Our UX and CRO experts share the major - and sometimes unexpected - factors that can make or break your conversion strategy across your platforms.

For most marketers, a strong strategy relies on a healthy balance of differing objectives, tactics, and channels. 

Digital vs. offline, SEO vs. PPC, or traffic vs. conversion - the answer is rarely black and white, not least because these channels don’t exist in a vacuum.

So, where does that leave us when it comes to Conversion Rate Optimisation, or CRO?

From content that resonates to practical mistakes, here’s what makes - or breaks - a CRO strategy, from our UX and CRO experts.

GO! Marketing+ workshops are free, strategy-focused workshops for marketing leaders looking to invest in or uplift their campaigns and channels. To join an upcoming event, take a look here.

In this article:

  • What is a CRO strategy - and why does it matter?
  • Making or breaking your CRO performance - 4 key factors from the experts

    - Setting CRO objectives that actually mean something
    - The overlooked aspects of CRO
    - The impact of Storytelling and Content on your UX 
    - Qualitative Feedback that measures the ‘why’ of your CRO performance
  • Next steps to drive a stronger CRO strategy

What is a CRO strategy - and why does it matter?

A Conversion Rate Optimisation (CRO) strategy is essentially a plan for optimising the performance of your website and other digital platforms - specifically in the context of audience conversion.

James Tabiner, Head of UX at KOMODO Digital, shares how your CRO strategy is differentiated from your broader lead generation efforts.

“Lead generation and CRO are two sides of the same coin in a way. 

Whilst lead gen is everything that goes into your inbound, your CRO strategy is the process of optimising that user's journey, and guiding them down that path to convert

CRO is really about humanising the digital experience, making it feel intuitive, natural and easy.”

Why should CRO matter to marketers?

‘CRO’ and ‘UX’ can often get grouped into the development side of a business. Whilst this isn’t inherently incorrect, this perception can mean that marketing or communications teams run the risk of overlooking them as part of their strategy.

Osh Rice, Managing Director at Daydot, explains why CRO should be a key focus for any marketing team below.

One of the largest benefits of CRO strategy is that it’s measurable

By improving the user experience, working on points of friction, updating your value propositions, those improvements start to drive measurable gains - in conversion rate, in average order value, in engagement, and overall performance.

Beyond that, a strong CRO strategy involves really getting under the skin of your audience, reworking that entire experience around your customers’ expectations, their motivations. If you’re really investing in your CRO, it means that you’re really prioritising your customers at the centre of your strategy.”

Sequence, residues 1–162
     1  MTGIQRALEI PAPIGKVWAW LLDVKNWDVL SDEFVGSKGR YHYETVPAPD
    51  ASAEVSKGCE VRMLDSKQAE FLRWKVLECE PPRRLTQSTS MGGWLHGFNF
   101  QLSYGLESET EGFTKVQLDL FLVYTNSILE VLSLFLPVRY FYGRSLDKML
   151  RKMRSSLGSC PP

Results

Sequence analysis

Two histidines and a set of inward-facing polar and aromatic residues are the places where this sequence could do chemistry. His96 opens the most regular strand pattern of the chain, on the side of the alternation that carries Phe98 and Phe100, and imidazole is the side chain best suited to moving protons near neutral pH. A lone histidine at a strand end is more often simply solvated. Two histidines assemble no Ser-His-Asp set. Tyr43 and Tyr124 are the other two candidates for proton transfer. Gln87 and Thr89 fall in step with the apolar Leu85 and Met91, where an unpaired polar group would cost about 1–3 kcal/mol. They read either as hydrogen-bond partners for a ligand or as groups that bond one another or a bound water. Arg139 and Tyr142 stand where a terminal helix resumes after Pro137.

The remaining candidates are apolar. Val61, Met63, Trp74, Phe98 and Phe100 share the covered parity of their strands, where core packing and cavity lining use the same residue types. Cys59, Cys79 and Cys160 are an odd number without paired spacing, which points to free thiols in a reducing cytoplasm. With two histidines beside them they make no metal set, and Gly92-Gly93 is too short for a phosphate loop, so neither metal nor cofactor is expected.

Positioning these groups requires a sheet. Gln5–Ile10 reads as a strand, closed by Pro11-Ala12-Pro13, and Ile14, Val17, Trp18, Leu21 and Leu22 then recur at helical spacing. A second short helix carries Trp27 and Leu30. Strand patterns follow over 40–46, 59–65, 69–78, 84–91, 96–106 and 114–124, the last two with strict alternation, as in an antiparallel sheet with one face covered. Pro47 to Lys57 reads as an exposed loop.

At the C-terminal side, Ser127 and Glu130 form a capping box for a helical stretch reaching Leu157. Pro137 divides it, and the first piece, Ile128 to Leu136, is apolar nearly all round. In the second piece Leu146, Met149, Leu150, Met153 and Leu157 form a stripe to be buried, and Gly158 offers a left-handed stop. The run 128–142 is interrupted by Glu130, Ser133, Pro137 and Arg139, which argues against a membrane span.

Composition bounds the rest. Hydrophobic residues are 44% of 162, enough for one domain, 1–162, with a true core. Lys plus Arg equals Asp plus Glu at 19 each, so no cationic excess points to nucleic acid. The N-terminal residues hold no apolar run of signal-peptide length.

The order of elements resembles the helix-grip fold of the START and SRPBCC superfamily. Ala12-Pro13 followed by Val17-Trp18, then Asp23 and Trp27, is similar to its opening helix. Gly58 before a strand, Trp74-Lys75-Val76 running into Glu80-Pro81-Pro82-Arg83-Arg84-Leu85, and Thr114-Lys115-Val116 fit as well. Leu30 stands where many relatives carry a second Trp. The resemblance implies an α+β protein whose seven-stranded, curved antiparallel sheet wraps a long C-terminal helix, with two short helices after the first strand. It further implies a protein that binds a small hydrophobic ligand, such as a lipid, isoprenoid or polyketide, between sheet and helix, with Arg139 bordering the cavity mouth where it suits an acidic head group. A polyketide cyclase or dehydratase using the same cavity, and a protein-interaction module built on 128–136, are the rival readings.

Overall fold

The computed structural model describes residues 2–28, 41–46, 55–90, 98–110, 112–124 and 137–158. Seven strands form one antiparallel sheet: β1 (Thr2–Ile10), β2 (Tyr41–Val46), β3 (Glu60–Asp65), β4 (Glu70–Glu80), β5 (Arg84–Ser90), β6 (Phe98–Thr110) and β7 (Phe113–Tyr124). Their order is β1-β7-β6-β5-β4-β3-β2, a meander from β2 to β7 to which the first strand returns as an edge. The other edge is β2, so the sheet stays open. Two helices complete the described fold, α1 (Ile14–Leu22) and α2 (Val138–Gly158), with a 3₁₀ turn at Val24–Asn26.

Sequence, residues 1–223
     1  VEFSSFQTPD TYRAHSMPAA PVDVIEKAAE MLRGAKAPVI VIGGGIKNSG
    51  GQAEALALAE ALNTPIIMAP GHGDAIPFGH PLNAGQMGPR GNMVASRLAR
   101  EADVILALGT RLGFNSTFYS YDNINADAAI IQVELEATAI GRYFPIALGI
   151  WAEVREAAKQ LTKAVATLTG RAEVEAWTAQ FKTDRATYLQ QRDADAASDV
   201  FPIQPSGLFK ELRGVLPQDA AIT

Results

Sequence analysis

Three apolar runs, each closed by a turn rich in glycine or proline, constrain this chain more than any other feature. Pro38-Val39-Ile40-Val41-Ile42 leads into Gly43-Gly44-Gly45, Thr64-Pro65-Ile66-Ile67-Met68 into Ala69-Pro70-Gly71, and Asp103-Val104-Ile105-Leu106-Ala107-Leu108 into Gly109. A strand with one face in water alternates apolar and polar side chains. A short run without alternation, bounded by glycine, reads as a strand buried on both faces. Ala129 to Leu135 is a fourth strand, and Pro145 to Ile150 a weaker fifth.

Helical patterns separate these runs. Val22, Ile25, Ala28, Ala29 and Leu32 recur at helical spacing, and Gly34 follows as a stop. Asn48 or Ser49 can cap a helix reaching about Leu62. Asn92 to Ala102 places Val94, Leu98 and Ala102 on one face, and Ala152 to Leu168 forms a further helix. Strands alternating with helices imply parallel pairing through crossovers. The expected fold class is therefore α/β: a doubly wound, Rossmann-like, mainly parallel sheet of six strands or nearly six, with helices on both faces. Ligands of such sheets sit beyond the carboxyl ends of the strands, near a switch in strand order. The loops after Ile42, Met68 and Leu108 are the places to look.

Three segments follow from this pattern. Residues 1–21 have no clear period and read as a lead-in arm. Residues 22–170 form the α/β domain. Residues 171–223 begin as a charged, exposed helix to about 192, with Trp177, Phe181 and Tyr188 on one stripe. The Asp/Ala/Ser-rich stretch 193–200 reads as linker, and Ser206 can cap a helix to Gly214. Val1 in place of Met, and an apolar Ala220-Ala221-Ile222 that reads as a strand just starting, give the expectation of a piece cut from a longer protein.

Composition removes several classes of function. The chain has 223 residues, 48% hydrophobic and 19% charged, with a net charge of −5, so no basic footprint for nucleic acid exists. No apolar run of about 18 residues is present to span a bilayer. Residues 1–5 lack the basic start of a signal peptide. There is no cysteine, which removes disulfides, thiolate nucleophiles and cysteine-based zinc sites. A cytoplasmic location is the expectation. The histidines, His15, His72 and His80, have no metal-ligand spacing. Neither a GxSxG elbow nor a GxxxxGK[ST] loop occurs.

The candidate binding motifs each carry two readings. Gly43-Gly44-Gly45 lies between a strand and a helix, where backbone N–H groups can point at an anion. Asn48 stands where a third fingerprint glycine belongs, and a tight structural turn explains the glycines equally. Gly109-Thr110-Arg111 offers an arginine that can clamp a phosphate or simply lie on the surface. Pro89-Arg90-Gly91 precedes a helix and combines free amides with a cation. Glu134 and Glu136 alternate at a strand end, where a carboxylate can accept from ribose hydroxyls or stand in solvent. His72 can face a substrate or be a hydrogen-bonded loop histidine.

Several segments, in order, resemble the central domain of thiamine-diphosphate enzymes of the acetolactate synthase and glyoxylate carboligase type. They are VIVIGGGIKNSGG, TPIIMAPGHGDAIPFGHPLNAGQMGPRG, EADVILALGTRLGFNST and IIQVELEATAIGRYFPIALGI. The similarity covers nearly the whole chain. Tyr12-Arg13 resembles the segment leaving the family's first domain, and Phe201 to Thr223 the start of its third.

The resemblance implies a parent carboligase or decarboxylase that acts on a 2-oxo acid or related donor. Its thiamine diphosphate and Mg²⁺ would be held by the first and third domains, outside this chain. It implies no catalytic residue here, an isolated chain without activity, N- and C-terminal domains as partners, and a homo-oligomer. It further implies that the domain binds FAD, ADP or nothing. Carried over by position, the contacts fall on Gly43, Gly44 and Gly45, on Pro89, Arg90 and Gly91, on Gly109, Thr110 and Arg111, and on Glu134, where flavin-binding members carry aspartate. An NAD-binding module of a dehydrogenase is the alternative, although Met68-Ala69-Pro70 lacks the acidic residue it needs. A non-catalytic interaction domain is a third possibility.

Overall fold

Osh Rice, Managing Director at Daydot discusses what Makes a Great CRO Strategy

Download: The Ultimate Guide to Writing a Digital Brief

Making or Breaking your CRO performance - 4 Key Factors from the Experts

So, we can already see that CRO performance might incorporate more than just the on-page technical changes to your site. We asked our experts to expand on this to share the key factors that they see as making - or breaking - a CRO strategy.

#1 - Setting CRO objectives that actually mean something

For Sean Dwyer, Director at Door4, choosing real, relevant objectives and KPIs at the first stage of your CRO strategy is crucial.

“The way we’ll always start is by putting in place a format for measuring success that goes right from commercial level, “what's the board expecting this year”, all the way through to the micro-metrics of individual pages or conversion points. 

You might split these smaller metrics by channel, team, search route, landing pages, engagement rates - but it’s about choosing what actually matters to you.”

Sean Dwyer, director at Door 4 discusses what makes a good CRO strategy.

Examples of these metrics include:
  • Commercial objectives: We’re expecting to drive XX in revenue from marketing this year
  • Team objectives: We need to drive XX leads / average purchase value up by %
  • Channel objectives: This channel needs to see an uptick of XX visits monthly / a conversion rate of 20%
  • Micro-metrics: This landing page needs to convert % of users to an opportunity

By keeping to these consistently, you’ll have a clearer view of what’s actually working than if you measured each piece in isolation.

#2 - The overlooked aspects of CRO

Part of these objectives may, for some businesses, also mean expanding what you mean when you think of ‘conversion’.

 As Osh shares, your CRO strategy - depending on your own priorities - might mean a focus on improving the conversion of your existing customers to repeat sales, rather than the standard ‘lead generation’ perception.

“How many times have you bought into the dream that a business is sharing across their site, you get to checkout, and it’s just over?

There's none of that feeling that’s come along with you, and you might not re-engage. Focusing on your CRO in this context means just joining the dots a little bit more and making that experience fulfilling throughout the entire journey.”

Sean adds to this with other objectives that might not fit the typical idea of CRO, for example Revenue Per User.

“We work with a client that sells a lower value product, and we've been testing that website continuously for two years.